When you are running a limited company, especially if you have incorporated from a sole trader or partnership, you must ensure you are familiar with the ways in which you can withdraw money as a director – if not, it is easy to incur unnecessary tax liabilities for either the company or directors.
As a director of a limited company you can take money from the company in three ways:
1. Salary, expenses and benefits
If you want to take salary, expenses or benefits from the company you must register the company as an employer with HM Revenue & Customs (HMRC). The company must deduct income tax and national insurance contributions, and pay this to HMRC together with any employer national insurance contributions.
Dividends are paid out of business profits after corporation tax has been deducted. It is illegal to take out more dividends than the total amount of available profits from current and previous financial periods.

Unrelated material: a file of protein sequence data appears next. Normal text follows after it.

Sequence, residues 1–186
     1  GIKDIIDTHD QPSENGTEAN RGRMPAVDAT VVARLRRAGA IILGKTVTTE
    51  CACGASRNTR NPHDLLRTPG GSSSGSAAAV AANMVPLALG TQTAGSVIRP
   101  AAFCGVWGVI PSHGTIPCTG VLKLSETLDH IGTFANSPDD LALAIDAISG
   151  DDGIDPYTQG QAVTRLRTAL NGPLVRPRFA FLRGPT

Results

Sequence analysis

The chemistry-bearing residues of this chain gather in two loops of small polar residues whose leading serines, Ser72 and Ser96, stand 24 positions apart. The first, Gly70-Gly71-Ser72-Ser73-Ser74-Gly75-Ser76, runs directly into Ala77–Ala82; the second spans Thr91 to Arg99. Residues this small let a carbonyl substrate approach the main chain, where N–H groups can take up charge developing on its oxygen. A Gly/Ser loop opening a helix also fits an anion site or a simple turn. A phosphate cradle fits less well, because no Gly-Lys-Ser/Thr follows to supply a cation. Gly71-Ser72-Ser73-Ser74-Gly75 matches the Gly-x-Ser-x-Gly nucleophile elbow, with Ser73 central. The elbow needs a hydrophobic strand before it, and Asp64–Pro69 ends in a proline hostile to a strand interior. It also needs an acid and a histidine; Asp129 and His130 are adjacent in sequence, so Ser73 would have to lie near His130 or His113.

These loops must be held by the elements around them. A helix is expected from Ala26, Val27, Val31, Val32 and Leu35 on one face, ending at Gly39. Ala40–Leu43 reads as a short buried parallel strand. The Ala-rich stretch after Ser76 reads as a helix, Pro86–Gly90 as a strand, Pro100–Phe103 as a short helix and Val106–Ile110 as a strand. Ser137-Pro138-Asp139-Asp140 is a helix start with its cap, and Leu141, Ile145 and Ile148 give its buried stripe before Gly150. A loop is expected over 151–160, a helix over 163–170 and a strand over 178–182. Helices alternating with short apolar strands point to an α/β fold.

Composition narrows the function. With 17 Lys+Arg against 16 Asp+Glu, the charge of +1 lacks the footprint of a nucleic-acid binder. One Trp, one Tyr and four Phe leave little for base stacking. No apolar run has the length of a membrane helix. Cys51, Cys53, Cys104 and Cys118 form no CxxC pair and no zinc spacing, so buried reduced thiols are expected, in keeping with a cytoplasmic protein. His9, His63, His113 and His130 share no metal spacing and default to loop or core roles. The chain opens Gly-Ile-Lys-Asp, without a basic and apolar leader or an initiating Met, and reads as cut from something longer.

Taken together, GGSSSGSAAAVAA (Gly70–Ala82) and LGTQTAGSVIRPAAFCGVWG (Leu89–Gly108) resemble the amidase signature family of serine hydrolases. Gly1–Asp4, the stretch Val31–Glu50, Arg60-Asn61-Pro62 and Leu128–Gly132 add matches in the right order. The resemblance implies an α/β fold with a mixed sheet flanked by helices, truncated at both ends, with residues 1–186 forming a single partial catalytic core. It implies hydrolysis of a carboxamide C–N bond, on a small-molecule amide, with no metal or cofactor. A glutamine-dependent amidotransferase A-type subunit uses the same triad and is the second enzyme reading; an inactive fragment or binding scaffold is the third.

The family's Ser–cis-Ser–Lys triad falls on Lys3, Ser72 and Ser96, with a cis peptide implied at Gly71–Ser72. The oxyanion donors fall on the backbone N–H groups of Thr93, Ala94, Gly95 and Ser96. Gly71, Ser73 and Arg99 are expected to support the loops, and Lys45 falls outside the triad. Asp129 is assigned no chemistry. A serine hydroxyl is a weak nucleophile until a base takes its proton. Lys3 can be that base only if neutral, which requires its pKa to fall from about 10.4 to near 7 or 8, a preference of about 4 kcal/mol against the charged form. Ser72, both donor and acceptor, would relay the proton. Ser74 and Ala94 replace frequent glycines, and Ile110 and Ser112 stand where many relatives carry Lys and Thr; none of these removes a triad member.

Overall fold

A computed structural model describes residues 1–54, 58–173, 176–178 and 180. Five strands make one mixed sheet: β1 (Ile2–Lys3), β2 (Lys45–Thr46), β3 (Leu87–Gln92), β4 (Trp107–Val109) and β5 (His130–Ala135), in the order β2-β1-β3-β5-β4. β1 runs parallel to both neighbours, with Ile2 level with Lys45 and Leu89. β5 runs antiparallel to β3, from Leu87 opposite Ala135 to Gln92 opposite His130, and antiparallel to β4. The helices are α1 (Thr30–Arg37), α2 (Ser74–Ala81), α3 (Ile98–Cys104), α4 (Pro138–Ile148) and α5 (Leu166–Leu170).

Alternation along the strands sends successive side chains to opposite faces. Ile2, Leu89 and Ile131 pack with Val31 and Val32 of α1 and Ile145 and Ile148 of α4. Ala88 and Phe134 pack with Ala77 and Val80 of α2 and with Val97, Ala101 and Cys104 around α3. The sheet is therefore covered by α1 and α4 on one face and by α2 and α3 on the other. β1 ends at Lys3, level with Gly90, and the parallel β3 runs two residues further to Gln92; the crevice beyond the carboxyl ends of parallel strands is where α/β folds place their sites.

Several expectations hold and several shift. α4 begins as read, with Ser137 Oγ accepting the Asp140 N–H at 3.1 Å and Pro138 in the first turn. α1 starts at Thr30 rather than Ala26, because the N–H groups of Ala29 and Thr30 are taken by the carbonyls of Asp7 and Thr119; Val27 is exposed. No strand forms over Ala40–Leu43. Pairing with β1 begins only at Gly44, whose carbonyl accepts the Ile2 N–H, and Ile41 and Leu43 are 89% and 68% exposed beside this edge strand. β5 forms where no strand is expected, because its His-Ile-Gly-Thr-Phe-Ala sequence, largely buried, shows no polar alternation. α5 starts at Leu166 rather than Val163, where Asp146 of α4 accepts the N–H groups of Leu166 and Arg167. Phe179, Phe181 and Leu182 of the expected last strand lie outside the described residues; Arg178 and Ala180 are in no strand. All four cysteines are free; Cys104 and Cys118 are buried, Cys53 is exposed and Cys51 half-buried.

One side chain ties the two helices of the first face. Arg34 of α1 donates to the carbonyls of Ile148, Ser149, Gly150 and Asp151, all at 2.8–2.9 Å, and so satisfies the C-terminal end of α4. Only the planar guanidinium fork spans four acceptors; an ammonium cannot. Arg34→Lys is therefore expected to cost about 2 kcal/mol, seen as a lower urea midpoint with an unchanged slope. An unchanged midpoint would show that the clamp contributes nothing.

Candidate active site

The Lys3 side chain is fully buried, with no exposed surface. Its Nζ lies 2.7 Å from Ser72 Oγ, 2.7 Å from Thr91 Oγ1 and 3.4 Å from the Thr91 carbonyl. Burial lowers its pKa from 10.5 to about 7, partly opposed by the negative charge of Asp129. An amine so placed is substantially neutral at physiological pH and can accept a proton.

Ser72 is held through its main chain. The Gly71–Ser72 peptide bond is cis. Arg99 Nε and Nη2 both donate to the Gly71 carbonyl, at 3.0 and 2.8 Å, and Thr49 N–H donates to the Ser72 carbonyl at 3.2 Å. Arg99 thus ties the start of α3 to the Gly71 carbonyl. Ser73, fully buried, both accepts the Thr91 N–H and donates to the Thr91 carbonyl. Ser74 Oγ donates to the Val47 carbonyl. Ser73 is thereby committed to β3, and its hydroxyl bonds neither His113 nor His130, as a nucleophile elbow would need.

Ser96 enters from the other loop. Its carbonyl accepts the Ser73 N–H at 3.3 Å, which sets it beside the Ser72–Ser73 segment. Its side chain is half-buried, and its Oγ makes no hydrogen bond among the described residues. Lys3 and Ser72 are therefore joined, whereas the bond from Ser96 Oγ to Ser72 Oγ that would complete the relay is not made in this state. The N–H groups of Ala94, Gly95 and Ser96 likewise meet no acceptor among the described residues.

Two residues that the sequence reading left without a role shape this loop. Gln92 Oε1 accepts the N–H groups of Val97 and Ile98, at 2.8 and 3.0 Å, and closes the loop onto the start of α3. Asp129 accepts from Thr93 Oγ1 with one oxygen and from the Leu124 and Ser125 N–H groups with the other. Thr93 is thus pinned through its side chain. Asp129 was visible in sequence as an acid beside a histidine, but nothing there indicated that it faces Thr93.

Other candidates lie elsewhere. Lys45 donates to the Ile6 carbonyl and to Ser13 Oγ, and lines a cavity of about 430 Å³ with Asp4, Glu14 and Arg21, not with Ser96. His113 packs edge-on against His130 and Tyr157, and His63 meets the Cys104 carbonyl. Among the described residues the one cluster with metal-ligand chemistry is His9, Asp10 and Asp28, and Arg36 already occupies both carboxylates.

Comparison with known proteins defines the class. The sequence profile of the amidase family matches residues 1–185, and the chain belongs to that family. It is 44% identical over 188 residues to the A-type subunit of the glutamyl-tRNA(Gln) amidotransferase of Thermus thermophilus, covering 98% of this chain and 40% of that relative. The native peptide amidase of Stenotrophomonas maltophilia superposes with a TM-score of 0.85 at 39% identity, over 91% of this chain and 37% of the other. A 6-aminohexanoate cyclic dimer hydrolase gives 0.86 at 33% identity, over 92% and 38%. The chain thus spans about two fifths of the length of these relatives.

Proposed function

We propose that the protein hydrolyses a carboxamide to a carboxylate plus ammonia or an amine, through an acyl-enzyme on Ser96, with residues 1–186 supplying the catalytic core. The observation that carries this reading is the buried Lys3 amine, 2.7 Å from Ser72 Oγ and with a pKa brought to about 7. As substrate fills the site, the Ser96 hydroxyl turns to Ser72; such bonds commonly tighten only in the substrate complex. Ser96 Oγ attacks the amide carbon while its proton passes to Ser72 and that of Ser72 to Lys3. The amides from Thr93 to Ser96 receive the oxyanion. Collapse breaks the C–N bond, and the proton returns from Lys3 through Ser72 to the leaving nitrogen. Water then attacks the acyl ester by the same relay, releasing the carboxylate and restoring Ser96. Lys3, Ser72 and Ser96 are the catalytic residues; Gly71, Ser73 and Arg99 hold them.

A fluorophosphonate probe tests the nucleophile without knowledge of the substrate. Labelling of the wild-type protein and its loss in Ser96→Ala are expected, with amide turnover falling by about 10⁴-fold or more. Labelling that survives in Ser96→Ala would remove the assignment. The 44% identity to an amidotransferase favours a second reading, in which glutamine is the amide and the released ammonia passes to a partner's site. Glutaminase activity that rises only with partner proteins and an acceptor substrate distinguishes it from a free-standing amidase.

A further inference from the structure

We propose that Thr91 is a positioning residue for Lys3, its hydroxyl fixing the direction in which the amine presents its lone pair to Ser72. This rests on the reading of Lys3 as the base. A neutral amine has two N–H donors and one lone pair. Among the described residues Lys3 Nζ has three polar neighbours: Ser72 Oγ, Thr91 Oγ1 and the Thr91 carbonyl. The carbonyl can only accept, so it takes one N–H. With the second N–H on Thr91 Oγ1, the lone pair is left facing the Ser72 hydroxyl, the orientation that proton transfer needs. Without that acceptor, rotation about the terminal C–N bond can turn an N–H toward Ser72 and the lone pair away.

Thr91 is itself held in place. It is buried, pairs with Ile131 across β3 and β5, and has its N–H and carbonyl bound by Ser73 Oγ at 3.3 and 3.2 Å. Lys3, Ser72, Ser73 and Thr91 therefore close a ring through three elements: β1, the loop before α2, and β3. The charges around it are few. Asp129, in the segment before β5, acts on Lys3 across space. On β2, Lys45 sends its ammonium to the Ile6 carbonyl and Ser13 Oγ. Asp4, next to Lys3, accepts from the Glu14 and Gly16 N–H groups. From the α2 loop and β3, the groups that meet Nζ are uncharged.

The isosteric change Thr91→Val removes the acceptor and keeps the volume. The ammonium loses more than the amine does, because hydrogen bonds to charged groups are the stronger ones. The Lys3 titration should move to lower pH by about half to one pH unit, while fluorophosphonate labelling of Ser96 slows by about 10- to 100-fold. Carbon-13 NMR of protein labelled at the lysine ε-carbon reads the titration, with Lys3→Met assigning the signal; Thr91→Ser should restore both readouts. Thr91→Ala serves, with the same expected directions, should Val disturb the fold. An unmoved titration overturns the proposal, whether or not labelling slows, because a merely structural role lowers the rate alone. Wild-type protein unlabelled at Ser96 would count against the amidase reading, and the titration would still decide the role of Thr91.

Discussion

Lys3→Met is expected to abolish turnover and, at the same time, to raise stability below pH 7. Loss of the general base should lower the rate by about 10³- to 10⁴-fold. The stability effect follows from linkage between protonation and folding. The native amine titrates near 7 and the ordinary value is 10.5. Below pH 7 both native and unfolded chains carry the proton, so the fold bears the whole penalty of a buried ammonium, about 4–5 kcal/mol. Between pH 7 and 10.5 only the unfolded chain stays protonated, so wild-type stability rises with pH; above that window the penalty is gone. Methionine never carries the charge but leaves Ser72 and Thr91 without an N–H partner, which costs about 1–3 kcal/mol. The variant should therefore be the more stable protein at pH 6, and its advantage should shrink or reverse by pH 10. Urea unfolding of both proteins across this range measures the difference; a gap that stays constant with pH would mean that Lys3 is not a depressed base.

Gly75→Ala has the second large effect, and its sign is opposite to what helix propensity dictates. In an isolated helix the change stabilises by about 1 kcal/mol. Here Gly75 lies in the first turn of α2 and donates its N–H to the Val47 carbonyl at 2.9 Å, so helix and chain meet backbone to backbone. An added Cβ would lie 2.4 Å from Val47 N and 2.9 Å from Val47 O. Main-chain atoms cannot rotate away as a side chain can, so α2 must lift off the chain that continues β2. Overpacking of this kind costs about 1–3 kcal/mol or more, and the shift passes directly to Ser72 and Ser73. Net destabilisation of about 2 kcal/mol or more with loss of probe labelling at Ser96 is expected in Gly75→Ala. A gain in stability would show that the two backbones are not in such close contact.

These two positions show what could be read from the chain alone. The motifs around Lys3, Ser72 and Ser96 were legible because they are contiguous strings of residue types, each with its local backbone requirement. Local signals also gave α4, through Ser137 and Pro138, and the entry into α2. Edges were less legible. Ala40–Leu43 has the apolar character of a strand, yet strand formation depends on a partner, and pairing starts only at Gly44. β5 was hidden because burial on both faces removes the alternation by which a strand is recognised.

You must usually pay dividends to all shareholders. Basic rate tax payers need pay no further tax on the dividend once received.
You must hold a meeting to ‘declare’ the dividend and keep minutes of the meeting, even if you are the only director. You must also produce a dividend voucher for each shareholder detailing – date, company name, name of shareholder, amount of the dividend to be paid, and the dividend tax credit (this is calculated as: dividend divided by 9). You must give a copy of the dividend voucher to the shareholder and keep a copy for the company records.
3. Directors’ Loans
If you take more money out of the company than you put in, and it isn’t salary or dividend, it is called a directors’ loan.
If the company makes loans to directors it must keep detailed records of these transactions – there are detailed tax rules about how directors’ loans are handled.
Tracy Newman can advise on running a limited company.